Common Misconceptions Surrounding Workers’ Compensation in Georgia

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Common Misconceptions Surrounding Workers’ Compensation in Georgia

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Injuries in the workplace can be devastating. Not only is an employee left dealing with an injury, but he or she is also left dealing with the conflict with his or her employers. Sometimes, employees are scared or hesitant to report an injury because they do not want to anger their bosses or put their jobs in jeopardy. Workers’ compensation laws protect injured employees from retribution by their employers. An employee who has been injured while at work may be entitled to compensation from an employer to support him or herself while recovering from an injury. As stated before, some employees are hesitant to report a workplace accident, but those fears are because of a misconception.

The following are common misconceptions about workers’ compensation in Georgia and the truth behind them.

You will be fired for filing for workers’ compensation.

The law prevents an employer from firing or letting go of an employee because he or she is seeking worker’s compensation. In fact, an employer who fires an employee because he or she is asking for workers’ compensation benefits is opening themselves up to a potential lawsuit over wrongful termination.

You have not worked at the job long enough to qualify for workers’ compensation.

Employees are covered for workers’ compensation benefits from the first day they are employed. There is no waiting period required for workers compensation benefits. Some may confuse the potential waiting period for other benefits, like health benefits, with workers’ compensation and might think they need to wait a certain number of days to be eligible.

You have a prior injury that prevents recovery.

An employee does not need to be in perfect health before the injury at work occurs. An employee is not automatically precluded from receiving workers’ compensation benefits just because he or she has a prior exiting condition. Depending on the specifics of the injury and the prior existing condition/injury, there is still the potential to receive benefits.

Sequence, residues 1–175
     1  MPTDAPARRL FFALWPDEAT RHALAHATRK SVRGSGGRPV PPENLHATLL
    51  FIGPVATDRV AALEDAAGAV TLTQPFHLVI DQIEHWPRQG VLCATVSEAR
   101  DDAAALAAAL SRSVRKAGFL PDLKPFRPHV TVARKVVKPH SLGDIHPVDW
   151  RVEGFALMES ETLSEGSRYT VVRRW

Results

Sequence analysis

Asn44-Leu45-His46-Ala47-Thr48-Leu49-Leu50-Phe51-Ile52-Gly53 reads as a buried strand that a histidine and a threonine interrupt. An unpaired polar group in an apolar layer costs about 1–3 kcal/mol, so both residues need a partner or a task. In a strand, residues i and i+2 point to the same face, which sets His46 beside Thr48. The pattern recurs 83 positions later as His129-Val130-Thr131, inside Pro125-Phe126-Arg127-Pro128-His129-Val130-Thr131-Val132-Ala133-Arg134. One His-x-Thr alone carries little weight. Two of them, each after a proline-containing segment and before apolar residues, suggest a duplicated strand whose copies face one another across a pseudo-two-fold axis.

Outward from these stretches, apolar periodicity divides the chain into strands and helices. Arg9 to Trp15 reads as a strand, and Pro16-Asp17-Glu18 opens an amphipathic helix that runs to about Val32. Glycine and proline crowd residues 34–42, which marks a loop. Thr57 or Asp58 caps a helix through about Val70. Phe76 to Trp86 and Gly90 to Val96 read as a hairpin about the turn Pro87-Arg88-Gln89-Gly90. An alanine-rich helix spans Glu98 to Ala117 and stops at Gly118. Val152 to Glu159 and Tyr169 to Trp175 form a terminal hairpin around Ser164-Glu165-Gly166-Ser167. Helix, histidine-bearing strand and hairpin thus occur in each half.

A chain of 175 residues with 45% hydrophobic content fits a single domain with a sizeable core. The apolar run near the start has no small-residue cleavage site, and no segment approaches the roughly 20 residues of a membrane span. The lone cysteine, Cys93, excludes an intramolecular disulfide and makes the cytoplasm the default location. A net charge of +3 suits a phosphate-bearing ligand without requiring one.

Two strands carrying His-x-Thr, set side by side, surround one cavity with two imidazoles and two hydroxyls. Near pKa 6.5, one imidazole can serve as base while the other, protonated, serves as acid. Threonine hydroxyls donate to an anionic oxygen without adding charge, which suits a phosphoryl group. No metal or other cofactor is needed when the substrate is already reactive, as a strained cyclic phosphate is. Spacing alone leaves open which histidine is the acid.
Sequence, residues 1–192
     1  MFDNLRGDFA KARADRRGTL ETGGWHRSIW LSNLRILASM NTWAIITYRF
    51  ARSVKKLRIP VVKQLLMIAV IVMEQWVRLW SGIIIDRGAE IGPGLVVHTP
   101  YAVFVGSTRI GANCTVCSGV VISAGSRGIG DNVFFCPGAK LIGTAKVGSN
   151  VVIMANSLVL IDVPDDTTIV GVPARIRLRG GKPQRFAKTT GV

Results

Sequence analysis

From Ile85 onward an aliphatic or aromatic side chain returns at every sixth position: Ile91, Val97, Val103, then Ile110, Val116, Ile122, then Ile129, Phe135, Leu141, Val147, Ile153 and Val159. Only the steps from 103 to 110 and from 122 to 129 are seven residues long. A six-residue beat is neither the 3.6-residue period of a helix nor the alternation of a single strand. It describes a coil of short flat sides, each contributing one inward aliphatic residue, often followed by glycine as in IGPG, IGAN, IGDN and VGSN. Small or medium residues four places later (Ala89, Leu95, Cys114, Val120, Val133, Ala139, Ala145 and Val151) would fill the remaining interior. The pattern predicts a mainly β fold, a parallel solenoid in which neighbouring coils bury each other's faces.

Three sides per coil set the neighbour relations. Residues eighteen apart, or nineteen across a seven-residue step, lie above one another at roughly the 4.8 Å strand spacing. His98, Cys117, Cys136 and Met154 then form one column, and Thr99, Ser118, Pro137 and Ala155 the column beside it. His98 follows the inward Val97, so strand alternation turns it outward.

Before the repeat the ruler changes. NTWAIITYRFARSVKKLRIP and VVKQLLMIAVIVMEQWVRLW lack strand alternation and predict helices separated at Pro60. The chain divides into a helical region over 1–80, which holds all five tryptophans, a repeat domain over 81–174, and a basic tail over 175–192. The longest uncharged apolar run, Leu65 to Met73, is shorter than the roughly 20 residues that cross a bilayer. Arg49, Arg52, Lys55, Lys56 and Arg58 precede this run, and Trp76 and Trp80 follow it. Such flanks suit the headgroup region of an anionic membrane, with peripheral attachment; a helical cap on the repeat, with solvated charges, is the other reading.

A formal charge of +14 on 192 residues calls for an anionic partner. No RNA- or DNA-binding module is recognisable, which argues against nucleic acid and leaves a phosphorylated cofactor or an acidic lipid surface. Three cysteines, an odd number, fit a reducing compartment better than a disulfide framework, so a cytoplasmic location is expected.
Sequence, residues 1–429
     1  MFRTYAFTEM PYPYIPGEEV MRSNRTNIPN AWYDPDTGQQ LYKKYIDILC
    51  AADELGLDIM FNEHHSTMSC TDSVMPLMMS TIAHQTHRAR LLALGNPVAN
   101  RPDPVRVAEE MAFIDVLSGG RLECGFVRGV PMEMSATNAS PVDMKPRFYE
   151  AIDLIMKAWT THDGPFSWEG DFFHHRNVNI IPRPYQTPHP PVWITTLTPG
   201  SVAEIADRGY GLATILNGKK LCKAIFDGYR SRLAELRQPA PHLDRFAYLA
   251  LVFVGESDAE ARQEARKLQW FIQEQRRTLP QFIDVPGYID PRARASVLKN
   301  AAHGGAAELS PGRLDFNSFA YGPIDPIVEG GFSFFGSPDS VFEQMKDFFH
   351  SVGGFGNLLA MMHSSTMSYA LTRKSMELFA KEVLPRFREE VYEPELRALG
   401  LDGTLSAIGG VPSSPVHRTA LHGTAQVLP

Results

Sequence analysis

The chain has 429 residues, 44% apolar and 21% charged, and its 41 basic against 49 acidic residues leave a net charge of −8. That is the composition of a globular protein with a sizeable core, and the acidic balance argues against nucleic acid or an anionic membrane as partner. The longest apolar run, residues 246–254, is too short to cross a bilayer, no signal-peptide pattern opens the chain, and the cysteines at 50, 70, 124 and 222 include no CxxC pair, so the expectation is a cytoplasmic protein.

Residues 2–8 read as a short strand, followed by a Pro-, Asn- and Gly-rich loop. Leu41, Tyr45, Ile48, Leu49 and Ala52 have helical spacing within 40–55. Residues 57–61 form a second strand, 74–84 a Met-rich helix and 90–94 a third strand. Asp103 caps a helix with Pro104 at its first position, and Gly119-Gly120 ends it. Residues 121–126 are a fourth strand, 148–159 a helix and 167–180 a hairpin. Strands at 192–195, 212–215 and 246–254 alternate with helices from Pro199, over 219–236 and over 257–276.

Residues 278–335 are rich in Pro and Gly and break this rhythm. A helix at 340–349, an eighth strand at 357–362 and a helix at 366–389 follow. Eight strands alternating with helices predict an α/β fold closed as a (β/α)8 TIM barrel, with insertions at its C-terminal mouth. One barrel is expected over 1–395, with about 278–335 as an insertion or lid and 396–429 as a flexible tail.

You were the cause of the accident and therefore cannot receive benefits.

The workers’ compensation law in Georgia is considered to be a “no fault” system. This means that even if it was your own negligence that caused the injury, you can still recover benefits under the workers’ compensation laws. The only requirement is that the injury occurred while an employee is performing the requirements of the job. In other words, the injury must have occurred because the task was required by the job, not because an employee was messing around and then was injured. The injury must happen in the scope of the employee’s employment.

You did not report the injury immediately after it happened and now you can not recover benefits.

While it is true that reporting a workplace injury should happen immediately, employees do have 30 days to report the accident to their supervisor or boss. However, it is good practice to report the injury as soon as possible to prevent any fraudulent claims made by the employer. It is also good to report the injury because then an employee can be seen by doctors and the necessary documentation of injuries can proceed.

If you have been injured at the workplace in Georgia and have questions about a workers’ compensation claim, the dedicated workers’ compensation attorneys at Johnathan R. Brockman, P.C. are here to help you. Contact us today for a consultation.

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